~ Signs the economy is improving: Americans in their 20s are finally moving out of their parents’ (Bloomberg)

~ The economic pluses and minuses of cutting government workers’ pay (WSJ)

~ A brief history of the iPad, in the form of an enormous infographic (DiscountCoder)

(photo: Wikipedia/Dennis Mojado)

CVS Caremark feeling the heat in California

April 19th, 2011 at 9:26 am by under Nesi's Notes

As CVS comes under increasing pressure to undo its 2007 merger with Caremark Rx Inc., investors will be taking note of stories like this one in today’s Los Angeles Times:

The California Public Employees’ Retirement System is negotiating a lucrative pharmacy benefits management contract with Caremark Rx Inc., a company being sued for defrauding the pension fund of tens of millions of dollars. …

Caremark is accused of endangering CalPERS members by making unauthorized and illegal changes to prescriptions submitted between 2003 and 2006, often by switching patients to cheaper drugs or canceling prescriptions outright. Caremark representatives would contact physicians’ offices by telephone and “obtain authorization from virtually anyone in the doctor’s office, including receptionists and others with no authorization or competence to make medical decisions,” the lawsuit said.

Caremark also falsified dates in transaction records to improve its required “turn-around-time” performance as required by CalPERS, according to the complaint. …

Caremark spokeswoman Christine K. Cramer said the lawsuit had no merit and that the company was defending itself against the allegations.

(h/t: NYT)

Why’d the Projo ignore Tom Ryan’s $124m windfall?

April 4th, 2011 at 1:10 pm by under Nesi's Notes

Most of the front page of Saturday’s Providence Journal was taken up with a banner headline and accompanying package about how the General Assembly’s leaders have given raises of more than 3% to 102 staffers over the past year, as you can see at right. The headline: “Double-digit raises in time of austerity.”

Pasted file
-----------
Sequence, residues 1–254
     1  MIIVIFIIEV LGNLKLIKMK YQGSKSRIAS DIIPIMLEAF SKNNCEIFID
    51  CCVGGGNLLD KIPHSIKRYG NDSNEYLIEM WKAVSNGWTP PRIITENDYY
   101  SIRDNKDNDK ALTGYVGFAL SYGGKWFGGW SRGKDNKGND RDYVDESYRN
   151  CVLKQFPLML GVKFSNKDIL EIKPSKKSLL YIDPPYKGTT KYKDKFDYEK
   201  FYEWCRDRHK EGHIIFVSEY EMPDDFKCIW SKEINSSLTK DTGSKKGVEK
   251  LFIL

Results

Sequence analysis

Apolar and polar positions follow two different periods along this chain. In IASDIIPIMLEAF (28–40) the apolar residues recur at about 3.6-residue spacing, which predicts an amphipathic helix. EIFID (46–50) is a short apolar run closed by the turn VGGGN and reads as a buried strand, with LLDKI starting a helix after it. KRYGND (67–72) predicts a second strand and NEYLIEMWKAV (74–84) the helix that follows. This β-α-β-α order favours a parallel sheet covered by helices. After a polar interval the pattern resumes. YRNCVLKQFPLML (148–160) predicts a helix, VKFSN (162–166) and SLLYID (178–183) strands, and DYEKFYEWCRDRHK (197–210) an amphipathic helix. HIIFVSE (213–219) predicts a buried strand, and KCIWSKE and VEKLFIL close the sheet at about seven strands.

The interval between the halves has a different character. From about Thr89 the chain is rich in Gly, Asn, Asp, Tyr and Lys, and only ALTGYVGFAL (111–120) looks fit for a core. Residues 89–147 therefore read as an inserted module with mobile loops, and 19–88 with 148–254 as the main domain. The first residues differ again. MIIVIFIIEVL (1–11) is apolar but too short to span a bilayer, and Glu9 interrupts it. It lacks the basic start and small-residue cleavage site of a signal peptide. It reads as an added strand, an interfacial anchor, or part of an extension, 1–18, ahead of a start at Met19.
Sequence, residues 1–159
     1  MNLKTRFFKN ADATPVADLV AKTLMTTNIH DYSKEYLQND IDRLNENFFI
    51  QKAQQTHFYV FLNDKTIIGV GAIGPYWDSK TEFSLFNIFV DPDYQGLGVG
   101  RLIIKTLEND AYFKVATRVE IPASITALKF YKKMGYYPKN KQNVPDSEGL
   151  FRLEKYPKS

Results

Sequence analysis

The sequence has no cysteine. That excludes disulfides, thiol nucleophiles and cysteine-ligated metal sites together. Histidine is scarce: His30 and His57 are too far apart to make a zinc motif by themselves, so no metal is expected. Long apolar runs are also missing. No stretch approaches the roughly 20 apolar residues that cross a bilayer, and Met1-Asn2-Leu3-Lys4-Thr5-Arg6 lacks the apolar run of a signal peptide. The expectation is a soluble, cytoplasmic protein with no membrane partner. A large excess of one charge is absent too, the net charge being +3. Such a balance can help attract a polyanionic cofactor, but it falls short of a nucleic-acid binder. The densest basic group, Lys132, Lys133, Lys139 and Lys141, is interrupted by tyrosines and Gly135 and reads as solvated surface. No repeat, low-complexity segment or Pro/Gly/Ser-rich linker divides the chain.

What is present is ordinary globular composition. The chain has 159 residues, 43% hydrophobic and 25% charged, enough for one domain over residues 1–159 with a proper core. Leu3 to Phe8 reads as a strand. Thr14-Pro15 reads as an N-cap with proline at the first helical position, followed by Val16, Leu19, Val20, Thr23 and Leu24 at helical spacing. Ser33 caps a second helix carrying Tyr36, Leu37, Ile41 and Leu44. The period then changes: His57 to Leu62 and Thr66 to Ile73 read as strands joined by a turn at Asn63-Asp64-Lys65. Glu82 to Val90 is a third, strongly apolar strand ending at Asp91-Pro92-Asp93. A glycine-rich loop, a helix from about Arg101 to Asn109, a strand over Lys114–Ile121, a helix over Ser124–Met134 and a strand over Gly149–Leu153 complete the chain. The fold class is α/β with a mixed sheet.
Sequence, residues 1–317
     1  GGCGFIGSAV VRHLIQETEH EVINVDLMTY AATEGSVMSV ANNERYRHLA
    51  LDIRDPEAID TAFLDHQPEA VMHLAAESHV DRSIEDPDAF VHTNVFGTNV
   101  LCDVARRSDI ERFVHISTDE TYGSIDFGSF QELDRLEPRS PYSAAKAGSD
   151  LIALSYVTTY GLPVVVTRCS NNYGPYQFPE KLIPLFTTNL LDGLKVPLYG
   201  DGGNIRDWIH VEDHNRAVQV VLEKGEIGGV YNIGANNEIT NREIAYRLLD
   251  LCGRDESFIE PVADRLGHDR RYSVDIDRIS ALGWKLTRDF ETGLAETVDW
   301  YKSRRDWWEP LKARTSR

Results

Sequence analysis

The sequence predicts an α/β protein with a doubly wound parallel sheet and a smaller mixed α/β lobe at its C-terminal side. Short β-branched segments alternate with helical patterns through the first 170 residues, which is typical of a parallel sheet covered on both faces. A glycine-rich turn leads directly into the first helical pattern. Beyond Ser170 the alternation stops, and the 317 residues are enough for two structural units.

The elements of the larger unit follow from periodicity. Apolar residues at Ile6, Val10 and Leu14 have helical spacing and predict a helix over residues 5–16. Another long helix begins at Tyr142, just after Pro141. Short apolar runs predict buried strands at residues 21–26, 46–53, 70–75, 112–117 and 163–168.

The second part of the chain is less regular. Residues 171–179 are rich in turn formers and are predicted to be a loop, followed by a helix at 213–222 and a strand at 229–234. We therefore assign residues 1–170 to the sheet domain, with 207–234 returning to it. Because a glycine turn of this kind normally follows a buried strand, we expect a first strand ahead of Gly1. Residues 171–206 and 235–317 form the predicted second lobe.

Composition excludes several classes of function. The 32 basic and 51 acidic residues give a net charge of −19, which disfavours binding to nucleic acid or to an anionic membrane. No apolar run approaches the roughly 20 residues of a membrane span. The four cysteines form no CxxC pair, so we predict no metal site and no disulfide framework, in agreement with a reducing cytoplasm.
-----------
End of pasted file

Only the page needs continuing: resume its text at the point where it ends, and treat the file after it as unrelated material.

It was a good story by the indefatigable Kathy Gregg, and I’m certainly not going to defend these raises. Whether deserved or not, handing them out was a pretty tone-deaf move by Speaker Fox and Senate President Paiva Weed as they deal with a $331 million budget deficit and month after month of double-digit unemployment.

It’s striking, though, that the Projo ran two stories (plus a Bob Kerr column) about the legislative raises in one week, but didn’t publish a single story about the $124 million that Woonsocket’s CVS Caremark paid ex-CEO Tom Ryan last year. His nine-digit windfall was more than six times the General Assembly’s entire $19 million annual payroll this year.

The Journal wouldn’t have had to do the story itself (although WPRI did) – The Associated Press wire ran an article about it, which the paper could have printed. Granted, it was Dow Jones that came up with the $124 million figure – but even the lower $15.5 million total reported by WPRI and the AP seems newsworthy.

The dollar figures of the five legislative staffers’ salaries that made Saturday’s front page were peanuts by comparison. The largest among them was the $162,986 salary of Fox’s chief of staff, Frank Anzeveno. At CVS, Ryan made $162,986 every day last year – by 11:30 a.m.

True, the General Assembly’s employees are government workers, while Tom Ryan and CVS are in the private sector. But CVS received half of Rhode Island’s $40 million in business tax breaks in 2010 – and the company noted in a recent SEC filing that it gets “a significant portion” of its revenue from taxpayers, through programs like Medicare and Medicaid.

The Journal’s headline about pay increases “in time of austerity” could apply to CVS, too.

The company – Rhode Island’s largest private employer – laid off 150 workers in Woonsocket last October, as first reported by WPRI. Its stock still hasn’t fully recovered from the 20% plunge it took under Ryan’s watch in November 2009. Its earnings forecast for 2011 is weak. It’s being investigated by 24 states and the FTC.

CVS’s compensation practices have come under fire nationally. Ryan was the 18th most-overpaid CEO in the U.S. in 2009, according to a Bloomberg-commissioned study of 271 compensation packages last year, and The Corporate Library gave the company a “D” for its executive pay policy in 2010.

Compensation at the General Assembly is a newsworthy story for Rhode Islanders, but it seems to me that compensation at CVS is, too – yet only one of them merited an article in the paper (and on the front page, no less). Sometimes what doesn’t get covered is just as interesting as what does.

(photo: CVS Caremark)

CVS paid Tom Ryan $15.5M in final year as CEO

March 30th, 2011 at 11:06 am by under General Talk, Nesi's Notes

CVS's $15 million man

CVS gave Tom Ryan a fond financial farewell prior to his retirement earlier this month as the company’s CEO.

CVS Caremark paid Ryan $15.5 million in 2010, down from $16.2 million in 2009 and $19.2 million in 2008, according to calculations based on a new SEC filing by the Woonsocket-based company.

Ryan’s 2010 pay package included a $1.48 million salary; a $2.2 million bonus (formally known as “non-equity incentive plan compensation”); $11.5 million in stock and stock option awards; and $281,481 in “other compensation.”